MORE THAN ONE WINNER

In Dr. Stephen Covey’s classic book, The 7 Habits of Highly Effective People, the fourth habit is: “Think win/win.”  This habit is the first one of the seven that involves how we relate to others.  The idea is, if we are pursuing success with the first three habits that involve self-mastery, then we will be prepared to pursue those relational elements with the same degree of success.

Notice personal success precedes success with others.  Think win/win means we abandon the idea that for me to win the other person must lose.  I call this habit, “the negotiation habit.”  It means I actively pursue agreements with others that allow them to benefit as well as me.  In that sense, we both come out winners.

This also means I have to be thinking about what the other person needs or wants.  I should always be approaching the relationship with the attitude of, “you may very well be able to help me, but more importantly, what can I do to help you?”  If I do that, then I can build creative solutions.  But those creative solutions will not materialize if I am not seeking them.

Think win/win means I am thinking about the other person as much as about me.  Think win/win means we look for ways for everyone to benefit.  Think win/win can even mean we decide to part ways; sometimes that may be in everyone’s best interests.  “I’m sorry, but I can’t help you.  And to pretend I can would be doing us both a disservice.”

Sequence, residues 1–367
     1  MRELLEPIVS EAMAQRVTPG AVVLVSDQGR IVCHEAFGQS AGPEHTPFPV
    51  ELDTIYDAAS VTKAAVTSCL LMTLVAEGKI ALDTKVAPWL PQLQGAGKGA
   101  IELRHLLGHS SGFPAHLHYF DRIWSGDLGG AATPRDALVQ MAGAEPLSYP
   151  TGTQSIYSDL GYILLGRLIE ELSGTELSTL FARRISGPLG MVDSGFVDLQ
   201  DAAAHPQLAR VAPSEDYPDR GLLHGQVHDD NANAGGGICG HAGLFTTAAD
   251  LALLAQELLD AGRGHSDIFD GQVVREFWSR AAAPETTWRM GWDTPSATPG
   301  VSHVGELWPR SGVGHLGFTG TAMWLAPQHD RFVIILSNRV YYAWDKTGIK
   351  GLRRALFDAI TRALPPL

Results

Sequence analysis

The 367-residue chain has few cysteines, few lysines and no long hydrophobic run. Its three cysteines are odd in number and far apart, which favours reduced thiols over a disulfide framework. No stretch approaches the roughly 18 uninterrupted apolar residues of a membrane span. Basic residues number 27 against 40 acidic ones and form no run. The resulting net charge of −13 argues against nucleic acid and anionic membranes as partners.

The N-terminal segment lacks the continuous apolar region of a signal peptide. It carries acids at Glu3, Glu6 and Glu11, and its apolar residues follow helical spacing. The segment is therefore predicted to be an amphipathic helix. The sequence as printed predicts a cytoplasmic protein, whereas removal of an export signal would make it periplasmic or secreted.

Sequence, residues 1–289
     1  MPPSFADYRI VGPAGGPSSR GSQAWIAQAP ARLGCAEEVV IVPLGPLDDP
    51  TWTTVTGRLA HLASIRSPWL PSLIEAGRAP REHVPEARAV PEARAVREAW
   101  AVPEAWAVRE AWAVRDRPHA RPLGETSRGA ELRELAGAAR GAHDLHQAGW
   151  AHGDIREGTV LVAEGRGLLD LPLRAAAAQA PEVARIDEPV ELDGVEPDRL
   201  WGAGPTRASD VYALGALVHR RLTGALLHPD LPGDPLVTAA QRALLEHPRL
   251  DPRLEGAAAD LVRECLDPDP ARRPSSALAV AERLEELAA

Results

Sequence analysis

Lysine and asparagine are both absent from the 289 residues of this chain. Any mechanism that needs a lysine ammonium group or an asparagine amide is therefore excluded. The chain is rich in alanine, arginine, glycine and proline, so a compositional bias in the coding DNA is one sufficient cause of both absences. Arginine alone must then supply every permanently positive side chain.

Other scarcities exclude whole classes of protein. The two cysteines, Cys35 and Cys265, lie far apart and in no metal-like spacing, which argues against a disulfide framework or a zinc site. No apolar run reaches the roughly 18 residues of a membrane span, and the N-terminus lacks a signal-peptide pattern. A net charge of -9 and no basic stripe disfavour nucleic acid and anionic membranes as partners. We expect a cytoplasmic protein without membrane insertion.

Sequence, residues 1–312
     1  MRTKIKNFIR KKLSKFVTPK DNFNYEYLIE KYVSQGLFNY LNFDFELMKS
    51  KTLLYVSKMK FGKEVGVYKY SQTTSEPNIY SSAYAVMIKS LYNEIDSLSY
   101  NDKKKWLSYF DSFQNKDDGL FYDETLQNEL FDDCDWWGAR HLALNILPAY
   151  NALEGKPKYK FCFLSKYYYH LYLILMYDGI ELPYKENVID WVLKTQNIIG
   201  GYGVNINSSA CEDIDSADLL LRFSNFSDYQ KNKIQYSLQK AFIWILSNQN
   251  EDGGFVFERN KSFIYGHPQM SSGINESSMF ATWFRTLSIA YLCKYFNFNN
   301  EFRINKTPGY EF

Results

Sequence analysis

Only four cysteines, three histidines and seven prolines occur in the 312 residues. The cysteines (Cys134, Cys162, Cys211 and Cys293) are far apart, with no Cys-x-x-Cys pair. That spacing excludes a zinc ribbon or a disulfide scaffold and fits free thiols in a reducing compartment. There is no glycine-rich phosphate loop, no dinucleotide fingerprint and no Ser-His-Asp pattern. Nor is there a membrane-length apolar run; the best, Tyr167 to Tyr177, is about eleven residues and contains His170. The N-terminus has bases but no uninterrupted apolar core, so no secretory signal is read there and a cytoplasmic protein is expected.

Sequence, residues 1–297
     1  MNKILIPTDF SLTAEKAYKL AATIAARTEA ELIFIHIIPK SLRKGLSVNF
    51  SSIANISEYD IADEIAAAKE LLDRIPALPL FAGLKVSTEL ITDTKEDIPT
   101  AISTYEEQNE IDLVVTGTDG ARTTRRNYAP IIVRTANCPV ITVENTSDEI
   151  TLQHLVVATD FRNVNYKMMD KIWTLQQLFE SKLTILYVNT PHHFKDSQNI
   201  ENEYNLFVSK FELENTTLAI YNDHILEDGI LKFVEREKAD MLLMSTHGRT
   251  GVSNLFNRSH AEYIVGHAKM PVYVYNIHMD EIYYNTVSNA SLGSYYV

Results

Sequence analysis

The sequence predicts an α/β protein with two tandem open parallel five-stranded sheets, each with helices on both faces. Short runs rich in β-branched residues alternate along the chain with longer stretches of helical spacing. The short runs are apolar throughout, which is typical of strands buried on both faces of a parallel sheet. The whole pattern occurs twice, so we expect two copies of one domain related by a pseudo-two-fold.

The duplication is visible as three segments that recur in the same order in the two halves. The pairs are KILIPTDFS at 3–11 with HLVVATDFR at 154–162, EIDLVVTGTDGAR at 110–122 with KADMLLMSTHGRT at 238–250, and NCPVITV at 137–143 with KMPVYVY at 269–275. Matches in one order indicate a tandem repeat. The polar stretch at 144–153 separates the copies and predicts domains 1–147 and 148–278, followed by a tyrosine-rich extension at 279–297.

The applications are many, but only one best solution exists.  Win/lose?  Lose/lose?  Lose/win?  I think I will aim for win/win every time.





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About James Meadows

Currently I serve as a training team manager for Tyco Integrated Security at a customer-care center in Kansas City. Additionally, I am a business consultant, a freelance corporate writer, an Assembly of God ordained minister, a Civil Air Patrol chaplain, and a blogger. I believe we are living in the most fascinating times of human history. To maximize the opportunities these times present, I have a passionate interest in leadership development and organizational success, both of which I view as inextricably linked.

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